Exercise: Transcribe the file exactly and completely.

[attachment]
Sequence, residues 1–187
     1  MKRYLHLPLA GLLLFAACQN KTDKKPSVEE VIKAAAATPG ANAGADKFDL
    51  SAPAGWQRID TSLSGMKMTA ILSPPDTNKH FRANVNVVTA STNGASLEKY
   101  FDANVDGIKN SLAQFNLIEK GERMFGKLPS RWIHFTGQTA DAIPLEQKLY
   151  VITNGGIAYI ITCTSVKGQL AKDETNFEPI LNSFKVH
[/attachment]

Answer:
Sequence, residues 1–187
     1  MKRYLHLPLA GLLLFAACQN KTDKKPSVEE VIKAAAATPG ANAGADKFDL
    51  SAPAGWQRID TSLSGMKMTA ILSPPDTNKH FRANVNVVTA STNGASLEKY
   101  FDANVDGIKN SLAQFNLIEK GERMFGKLPS RWIHFTGQTA DAIPLEQKLY
   151  VITNGGIAYI ITCTSVKGQL AKDETNFEPI LNSFKVH